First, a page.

Otherwise, allegations of off-label use have not prevented broad application of generic preemption.  Stephens v. Teva Pharmaceuticals, U.S.A., Inc., 70 F. Supp.3d 1246, 1250-51 (N.D. Ala. 2014); Rojas v. Teva Pharmaceuticals USA, Inc., 920 F. Supp.2d 772, 780 (S.D. Tex. 2013); Whitener v. PLIVA, Inc., 2012 WL 1995795, at *4 (E.D. La. June 4, 2012). Kellogg v. Wyeth, 2012 WL 368658, at *4-5 (D. Vt. Feb. 3, 2012).  Once the FDA recognizes truthful off-label promotion as legal, there will be even less basis for attacks on generic preemption.  After all, the promotional materials would still qualify as “labeling” under the FDA’s and the courts’ broad definition of that term.  E.g., 21 C.F.R. §202.1(1)(2); Holmes v. Hospira, Inc., 2013 WL 12132046, at *10 (C.D. Cal. Jan. 10, 2013) (“FDA’s broad definition of labeling” “encompasses nearly every conceivable form of communication with medical professionals”).

The FDCA’s “sameness” requirement for generic drugs explicitly applies to “labeling.” 21 U.S.C. §§355(j)(2)(A)(v), 355(j)(4)(G).  “Sameness” would thus extend to off-label promotion of generic drugs.  That may create other complications with respect to off-label promotion in generic context, but legalization of truthful off-label promotion shouldn’t have any effect on the scope of generic preemption with respect to generic drugs as long as “sameness” is complied with.  Moreover, preemption under Buckman would preclude plaintiffs from invoking lack of “sameness” as some sort of cause of action against truthful off-label promotion.  Truthful off-label promotion isn’t a state law tort, whether it’s the “same” as something else or not.  “[T]here is no state-law duty to abstain from off-label promotion.” Aaron, 2016 WL 5242957, at *12 (applying Buckman).

[T]here is no state law duty to abstain from off-label promotion.  Off-label promotion itself exists only as a creation of the FDCA scheme.  A state law cause of action cannot rest solely on . . . off-label promotion. . . .  [E]ven the concept of ‘off-label use’ is a creature of the FDCA, is defined by the FDCA.”

Martin v. Medtronic, Inc., 32 F. Supp.3d 1026, 1038 (D. Ariz. 2014) (numerous internal citations and quotation marks omitted).  Thus, a suit alleging lack of sameness as a tort in the off-label promotion context would assert only a supposed FDCA violation (of sameness), and Buckman is 100% clear that private plaintiffs cannot enforce the FDCA.

In sum, we believe that the Bloomberg article’s prediction of “more” liability in the event of the demise of the FDA’s ban on truthful off-label promotion is simply the other side’s wishful thinking.  There will be some liability, just as there now is for on-label statements and promotion, but legalization isn’t going to have much effect, if any, on preemption.  To the extent legalization has any effect, both precedent (we cite cases; the article doesn’t) and common-sense suggests that such effect will be positive from a defense perspective.  The biggest thing that legalization will do is eliminate the other side’s arguments that defendants are acting illegally despite telling the truth.  The demise of “you broke the law” arguments can only be beneficial to the defense.

  • I keep meaning to write a post in response and keep running into that whole “having a law practice” thing, so a brief comment will have to suffice for now.

    First, that’s just your opinion, man. (Sorry, I couldn’t resist.)

    Second, the essential question in impossibility preemption is if “it was impossible to simultaneously comply with both federal law and any state tort-law duty.” Mensing at 2573. Stated another way, the plaintiff alleges the defendant should have done X, and the question is if federal law would have prohibited X. If the defendant could have done X, then the claim is not preempted.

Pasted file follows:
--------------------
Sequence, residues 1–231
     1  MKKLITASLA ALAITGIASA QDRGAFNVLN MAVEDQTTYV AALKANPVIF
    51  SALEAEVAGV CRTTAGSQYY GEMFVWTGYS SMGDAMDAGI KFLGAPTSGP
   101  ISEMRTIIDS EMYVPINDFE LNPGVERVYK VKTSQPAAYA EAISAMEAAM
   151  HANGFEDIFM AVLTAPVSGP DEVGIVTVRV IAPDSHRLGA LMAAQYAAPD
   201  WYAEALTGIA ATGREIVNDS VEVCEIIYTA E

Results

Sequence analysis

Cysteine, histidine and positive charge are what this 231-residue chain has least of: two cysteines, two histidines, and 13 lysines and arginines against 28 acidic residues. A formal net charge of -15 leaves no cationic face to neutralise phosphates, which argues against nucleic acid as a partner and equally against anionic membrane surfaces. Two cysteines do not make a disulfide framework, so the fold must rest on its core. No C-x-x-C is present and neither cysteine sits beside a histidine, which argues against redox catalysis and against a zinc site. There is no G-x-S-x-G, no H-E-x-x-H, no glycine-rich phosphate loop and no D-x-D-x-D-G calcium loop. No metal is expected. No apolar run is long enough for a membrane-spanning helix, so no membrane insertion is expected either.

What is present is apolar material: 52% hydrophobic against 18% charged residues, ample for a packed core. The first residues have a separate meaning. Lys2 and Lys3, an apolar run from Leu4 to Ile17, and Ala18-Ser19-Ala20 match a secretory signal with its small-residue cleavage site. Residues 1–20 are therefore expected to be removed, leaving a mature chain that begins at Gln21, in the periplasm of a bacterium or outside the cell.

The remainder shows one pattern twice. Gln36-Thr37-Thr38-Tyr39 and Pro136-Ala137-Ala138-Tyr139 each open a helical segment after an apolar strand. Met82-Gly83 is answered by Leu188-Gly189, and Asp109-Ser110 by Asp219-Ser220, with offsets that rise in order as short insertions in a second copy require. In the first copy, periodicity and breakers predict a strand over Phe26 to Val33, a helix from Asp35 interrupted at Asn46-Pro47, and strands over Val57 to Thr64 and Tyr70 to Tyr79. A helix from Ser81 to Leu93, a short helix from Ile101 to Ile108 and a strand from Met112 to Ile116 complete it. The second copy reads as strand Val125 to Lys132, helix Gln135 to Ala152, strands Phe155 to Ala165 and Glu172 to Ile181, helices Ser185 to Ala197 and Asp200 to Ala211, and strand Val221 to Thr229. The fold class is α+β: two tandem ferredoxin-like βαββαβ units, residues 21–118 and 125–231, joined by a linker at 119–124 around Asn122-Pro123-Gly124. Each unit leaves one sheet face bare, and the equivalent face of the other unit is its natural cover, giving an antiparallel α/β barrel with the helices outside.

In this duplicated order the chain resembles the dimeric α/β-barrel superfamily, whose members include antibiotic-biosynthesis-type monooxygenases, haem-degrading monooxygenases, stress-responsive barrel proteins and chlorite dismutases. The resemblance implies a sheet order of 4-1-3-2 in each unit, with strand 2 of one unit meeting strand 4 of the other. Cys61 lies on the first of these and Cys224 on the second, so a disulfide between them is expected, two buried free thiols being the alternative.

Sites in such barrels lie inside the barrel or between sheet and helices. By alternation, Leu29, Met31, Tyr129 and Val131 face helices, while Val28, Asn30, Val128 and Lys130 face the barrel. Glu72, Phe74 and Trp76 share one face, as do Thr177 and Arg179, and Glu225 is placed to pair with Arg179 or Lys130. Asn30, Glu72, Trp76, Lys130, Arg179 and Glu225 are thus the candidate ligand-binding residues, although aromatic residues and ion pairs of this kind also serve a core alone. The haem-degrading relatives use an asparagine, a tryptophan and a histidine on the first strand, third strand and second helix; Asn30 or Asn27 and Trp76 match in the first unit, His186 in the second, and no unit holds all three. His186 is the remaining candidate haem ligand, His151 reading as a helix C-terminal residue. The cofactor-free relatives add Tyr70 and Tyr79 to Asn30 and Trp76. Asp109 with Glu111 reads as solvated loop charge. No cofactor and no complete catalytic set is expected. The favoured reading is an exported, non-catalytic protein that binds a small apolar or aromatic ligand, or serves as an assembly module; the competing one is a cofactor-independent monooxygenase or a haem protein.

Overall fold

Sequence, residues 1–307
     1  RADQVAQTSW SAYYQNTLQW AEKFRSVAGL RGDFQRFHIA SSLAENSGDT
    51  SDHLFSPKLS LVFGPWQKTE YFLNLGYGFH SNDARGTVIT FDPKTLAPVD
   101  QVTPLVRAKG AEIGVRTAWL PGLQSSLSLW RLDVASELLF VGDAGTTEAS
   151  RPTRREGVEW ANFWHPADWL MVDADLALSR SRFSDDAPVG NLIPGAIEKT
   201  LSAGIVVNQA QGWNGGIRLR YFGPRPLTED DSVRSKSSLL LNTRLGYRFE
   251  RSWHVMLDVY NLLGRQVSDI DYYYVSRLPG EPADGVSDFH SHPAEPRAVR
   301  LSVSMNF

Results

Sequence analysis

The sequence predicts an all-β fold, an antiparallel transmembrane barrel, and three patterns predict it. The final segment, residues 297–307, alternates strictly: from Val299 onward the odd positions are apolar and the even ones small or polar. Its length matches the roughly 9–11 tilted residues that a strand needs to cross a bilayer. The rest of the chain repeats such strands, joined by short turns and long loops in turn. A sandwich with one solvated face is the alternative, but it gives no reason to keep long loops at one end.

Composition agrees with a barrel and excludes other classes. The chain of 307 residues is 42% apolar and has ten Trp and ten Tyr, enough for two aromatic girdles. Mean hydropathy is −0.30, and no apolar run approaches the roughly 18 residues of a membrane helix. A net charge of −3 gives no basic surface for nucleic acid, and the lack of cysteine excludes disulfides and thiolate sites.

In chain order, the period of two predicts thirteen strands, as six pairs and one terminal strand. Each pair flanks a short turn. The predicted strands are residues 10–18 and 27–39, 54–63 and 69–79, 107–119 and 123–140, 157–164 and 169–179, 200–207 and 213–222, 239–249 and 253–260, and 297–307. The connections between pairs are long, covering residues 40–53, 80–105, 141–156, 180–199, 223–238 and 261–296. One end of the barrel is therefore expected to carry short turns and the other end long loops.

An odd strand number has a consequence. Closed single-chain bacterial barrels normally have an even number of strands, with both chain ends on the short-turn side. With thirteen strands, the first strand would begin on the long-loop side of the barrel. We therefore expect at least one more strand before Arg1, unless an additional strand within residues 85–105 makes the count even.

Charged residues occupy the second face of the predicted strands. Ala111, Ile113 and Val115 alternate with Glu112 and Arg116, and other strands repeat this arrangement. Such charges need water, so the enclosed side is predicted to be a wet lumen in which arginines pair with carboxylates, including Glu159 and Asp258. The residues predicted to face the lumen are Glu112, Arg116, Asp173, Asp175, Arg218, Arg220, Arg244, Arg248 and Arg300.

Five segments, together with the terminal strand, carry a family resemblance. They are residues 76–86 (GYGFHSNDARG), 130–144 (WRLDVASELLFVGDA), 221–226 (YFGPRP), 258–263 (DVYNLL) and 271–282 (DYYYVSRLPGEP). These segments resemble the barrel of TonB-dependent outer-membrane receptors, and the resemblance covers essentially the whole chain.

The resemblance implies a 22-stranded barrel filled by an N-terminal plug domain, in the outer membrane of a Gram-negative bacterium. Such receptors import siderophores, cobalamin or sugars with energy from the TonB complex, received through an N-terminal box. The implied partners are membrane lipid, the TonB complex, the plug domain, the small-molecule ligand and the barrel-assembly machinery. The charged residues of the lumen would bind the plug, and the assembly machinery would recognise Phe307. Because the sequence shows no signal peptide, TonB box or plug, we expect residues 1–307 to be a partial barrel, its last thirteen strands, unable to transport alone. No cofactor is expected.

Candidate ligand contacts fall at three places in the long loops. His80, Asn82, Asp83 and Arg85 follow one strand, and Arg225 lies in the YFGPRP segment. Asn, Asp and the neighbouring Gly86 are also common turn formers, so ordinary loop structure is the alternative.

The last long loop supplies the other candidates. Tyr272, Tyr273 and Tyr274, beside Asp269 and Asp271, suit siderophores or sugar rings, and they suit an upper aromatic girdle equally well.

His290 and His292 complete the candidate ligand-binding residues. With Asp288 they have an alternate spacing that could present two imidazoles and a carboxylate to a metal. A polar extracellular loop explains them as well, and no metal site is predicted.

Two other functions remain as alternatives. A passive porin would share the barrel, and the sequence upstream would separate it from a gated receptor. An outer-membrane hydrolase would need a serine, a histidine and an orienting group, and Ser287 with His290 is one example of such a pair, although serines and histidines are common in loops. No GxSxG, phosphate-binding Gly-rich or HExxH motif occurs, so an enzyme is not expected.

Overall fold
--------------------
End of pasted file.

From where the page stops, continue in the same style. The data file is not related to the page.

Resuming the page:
Third, A lot depends on what kind of changes occur to the law of “off-label promotion.” Let’s assume for a moment that the Supreme Court decides that drug and device companies have a free speech right to say anything they want to anyone at any time so long as it is “truthful and non-misleading.” At that point, impossibility preemption is dead. Plaintiffs will say the defendant should have done X — which could be anything from revised direct-to-consumer advertisements, pamphlets to patients, Dear Doctor letters — and, so long as what the plaintiff proposes would have been “truthful and non-misleading,” the defendant will not be able to show federal law would have prohibited X.

    Let’s take a more narrow assumption: the FDA enacts new regulations that allow a drug or device company to communicate with patients and doctors so long as the communication is truthful and non-misleading. In order to prove impossibility preemption, defendants will have to show the plaintiffs’ proposed communication would have not been truthful and non-misleading. If they can’t, then they can’t show federal law would have prohibited X, and so there’s no impossibility preemption.

    Fourth, moving on to “preclearance,” I think we see it differently. As I read it, Amarin has to submit language to the FDA, and the FDA can object if it wants to, but the FDA doesn’t actually have to sign off on the language. If the FDA doesn’t object, then Amarin can do it. Such a process is a far cry from showing federal law would have prohibited X. Maybe the defendant can put together a detailed factual argument to convince a jury that the FDA “would have” prohibited X, but that would likely be challenging in most circumstances — and not to mention an exercise in speculation by the defendants about what FDA might have done in some counterfactual circumstance.

    Fifth, it does not matter what the FDA “can order” something. The FDA “can order” warnings on a prescribing label, but, as Levine held, that’s not really the question, the question is if federal law would have prohibited something. The can be circumstances where, if the FDA actually did order something, that could have a preemptive effect, but hypotheticals about what the FDA might have done are not a valid basis for the “demanding defense” of impossibility preemption.

    All that matters is if the defendant could have done X. As the manufacturers’ ability to communicate with physicians and the public grows, their preemption defenses fall accordingly.